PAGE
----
Daylight Wine and Spirits had not one, but two ideas up their sleeves when they entered into a contract with MGP to source barrels for their new line of wine-finished whiskies. This time around, they sourced 2, 3 and 4 year old barrels of MGP’s classic 95/5 rye whiskey. They also switched up the wine barrels they were going to finish it in. Whereas the bourbon was finished in Cabernet Sauvignon barrels that also once held French Bordeaux, the rye whiskey would rest for a period of time in their Sonoma Pinot Noir barrels.
Paul Giamatti and learning to love the Pinot Noir grape
Not being a huge wine expert, I can only reflect back on what the movie “Sideways” has taught me. I find that I do love a good Cab, but Pinot Noir’s rarely do it for me. In the movie, Paul Giamatti waxes on about the superiority of Pinot Noir. It’s a very hard grape to grow thanks to its delicate thin skin. It also requires a lot of time and attention to make sure it doesn’t die on the vine. But if cultivated properly, it will create a wine that rewards the senses with complex, delicate layers of flavors and aromas. Cabs, on the other hand, are the opposite of Pinot Noir and have big, bold notes that are impossible ignore.
With this in mind, I went into the tasting session a bit skeptical that MGP’s 95/5 rye whiskey (which is big and bold in and of itself) would take well to being finished in Pinot Noir barrels. Would it have made more sense to finish it in the Cabernet barrels that were used for the bourbon? Or will the Pinot Noir barrels add something that’s missing to the rye whiskey? Whatever happens, I just hope for an elevated rye whiskey experience since I’m a sucker for finished rye’s (see my review on Barrell Seagrass).
Before I start this review, I must point out one oddity involving the corks that Ammunition used on their bottles of Bourbon and rye whiskey. The cork for the bourbon is the cheap variety that is compacted of many tiny pieces giving it a pebbled look whereas the rye whiskey uses a more expensive single piece cork. While I ponder why this is, I’m going to start my tasting notes. I sampled this neat in a glencairn.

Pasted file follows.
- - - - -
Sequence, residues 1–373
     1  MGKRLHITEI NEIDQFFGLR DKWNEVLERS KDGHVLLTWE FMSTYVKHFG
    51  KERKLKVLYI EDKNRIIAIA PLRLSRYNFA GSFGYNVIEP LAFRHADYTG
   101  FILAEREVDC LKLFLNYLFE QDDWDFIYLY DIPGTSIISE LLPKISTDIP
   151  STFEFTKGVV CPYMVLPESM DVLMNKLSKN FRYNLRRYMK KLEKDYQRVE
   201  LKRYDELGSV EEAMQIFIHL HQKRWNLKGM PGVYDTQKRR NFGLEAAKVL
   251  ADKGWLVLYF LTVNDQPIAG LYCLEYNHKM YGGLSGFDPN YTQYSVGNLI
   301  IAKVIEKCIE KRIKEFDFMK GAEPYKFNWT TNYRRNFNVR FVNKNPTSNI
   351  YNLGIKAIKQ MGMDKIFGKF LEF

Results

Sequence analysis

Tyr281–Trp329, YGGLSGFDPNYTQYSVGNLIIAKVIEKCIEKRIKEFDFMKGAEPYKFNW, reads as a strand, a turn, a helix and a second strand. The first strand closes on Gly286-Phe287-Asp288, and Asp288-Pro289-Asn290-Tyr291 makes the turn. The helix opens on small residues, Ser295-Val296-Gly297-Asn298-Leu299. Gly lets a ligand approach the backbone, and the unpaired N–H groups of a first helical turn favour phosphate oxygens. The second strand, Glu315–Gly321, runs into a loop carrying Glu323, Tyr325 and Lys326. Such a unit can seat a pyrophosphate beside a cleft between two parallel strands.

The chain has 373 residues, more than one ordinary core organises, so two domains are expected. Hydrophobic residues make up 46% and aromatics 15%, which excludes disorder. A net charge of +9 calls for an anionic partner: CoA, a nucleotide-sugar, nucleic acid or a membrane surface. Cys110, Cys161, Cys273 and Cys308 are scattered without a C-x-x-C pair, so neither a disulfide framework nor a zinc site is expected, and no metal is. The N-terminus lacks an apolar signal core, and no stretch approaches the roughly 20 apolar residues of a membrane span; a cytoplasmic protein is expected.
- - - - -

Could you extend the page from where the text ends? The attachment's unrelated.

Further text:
Nose: Youthful and green, the nose isn’t as sweet as Ammunition’s Bourbon. Instead, it’s loaded with floral and herb-forward notes. There are some sharp spices like anise and clove. I’m finding a lack of brown sugar, pine needles and cinnamon which are all typical traits I’d find in MGP’s 95/5 rye. Luckily, the Pinot Noir shows up through red berry notes like cherries and strawberries which help to cover up some of those younger traits.
Palate: The spicy nature of MGP rye reveals itself (finally) while the whole “green-forward” youthfulness from the nose slinks back behind the curtains. There are flavors of mint, pine, green oak and some astringent citrus that reveal themselves. Further spice notes of anise, clove and tamarind can be found. The lack of sweetness is noticeable but there is a decent helping of cooked red berries to help it along. Overall, there’s no disguising this is a young rye as the Pinot Noir is unable to cloak all of those green flavors.
Finish: Somewhat bitter lemon and orange rinds linger the longest along with loads of botanical notes. Damp forest floor, tree bark and weathered oak won’t let you forget this is a young whiskey. The wine notes are a bit more noticeable but end up coming off as a cheap and sweet; similar to Lambrusco.
Even though the age range of barrels used in this blend are the same as its Bourbon counterpart, this rye whiskey came off as even more youthful. I don’t know why this is. Rye whiskey tends to age quicker than bourbon, but this bottle really shows its (lack of) age. The Pinot Noir wasn’t able to help quite as much as the Bourbon’s Cabernet Sauvignon barrels did. I found only a bit more sweetness and none of the depth. The wine struggles to cloak any of the youth.
I could go one of two ways here. Either I could say that what this rye whiskey needs is more time in the barrel to age OR it needs a different finishing barrel. I’m leaning towards the latter. Granted, there are probably lots of readily available barrels of older MGP 95/5 rye whiskey out there, but I don’t think the wine influence would have came through any different using these Pinot barrels. It’s just too light, even though the whiskey was proofed down to 95 proof. This is why some of the best barrel finishes for rye come from heavier, more robust (and sometimes fortified) wines like Port, Madeira, Sherry or even Cabernet.
As much as I wanted this to work out, the Pinot Barrels only slightly elevated the young MGP rye whiskey. Granted, it was fun to find some extra berry notes in my glass, but it should have been more. And while my score does reflect what I’d probably rate a blend of young MGP ryes, I should point out that the better whiskey between the two Ammunition offerings is the Bourbon. In the future, I hope that Ammunition considers another kind of wine to finish their rye in… as long as it’s not Merlot. To quote Paul Giamatti again, “If anybody orders Merlot, I’m leaving!”
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